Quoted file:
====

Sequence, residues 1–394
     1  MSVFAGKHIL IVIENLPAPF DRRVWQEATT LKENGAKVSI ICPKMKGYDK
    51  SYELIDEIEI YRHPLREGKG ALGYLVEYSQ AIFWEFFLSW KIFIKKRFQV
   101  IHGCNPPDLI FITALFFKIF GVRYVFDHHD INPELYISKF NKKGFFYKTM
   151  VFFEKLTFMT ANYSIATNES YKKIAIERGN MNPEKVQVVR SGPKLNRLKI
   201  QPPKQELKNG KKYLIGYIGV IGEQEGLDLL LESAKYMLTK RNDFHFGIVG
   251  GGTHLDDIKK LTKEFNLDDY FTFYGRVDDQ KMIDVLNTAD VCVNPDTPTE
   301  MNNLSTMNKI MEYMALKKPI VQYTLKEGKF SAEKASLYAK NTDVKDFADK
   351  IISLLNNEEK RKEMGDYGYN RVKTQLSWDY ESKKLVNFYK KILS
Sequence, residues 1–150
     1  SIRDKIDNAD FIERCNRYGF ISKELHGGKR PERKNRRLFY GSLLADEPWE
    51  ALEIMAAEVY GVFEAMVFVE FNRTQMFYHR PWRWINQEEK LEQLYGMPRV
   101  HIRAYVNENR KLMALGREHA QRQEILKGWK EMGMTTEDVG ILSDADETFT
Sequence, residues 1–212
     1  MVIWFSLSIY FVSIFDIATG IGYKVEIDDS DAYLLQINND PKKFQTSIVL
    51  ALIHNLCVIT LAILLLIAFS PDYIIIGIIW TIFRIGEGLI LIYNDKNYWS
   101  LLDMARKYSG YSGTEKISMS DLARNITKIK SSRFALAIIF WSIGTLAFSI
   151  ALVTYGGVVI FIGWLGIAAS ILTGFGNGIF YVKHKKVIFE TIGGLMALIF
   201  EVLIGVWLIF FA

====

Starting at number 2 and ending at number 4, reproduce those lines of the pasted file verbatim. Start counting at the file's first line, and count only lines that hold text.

     1  MSVFAGKHIL IVIENLPAPF DRRVWQEATT LKENGAKVSI ICPKMKGYDK
    51  SYELIDEIEI YRHPLREGKG ALGYLVEYSQ AIFWEFFLSW KIFIKKRFQV
   101  IHGCNPPDLI FITALFFKIF GVRYVFDHHD INPELYISKF NKKGFFYKTM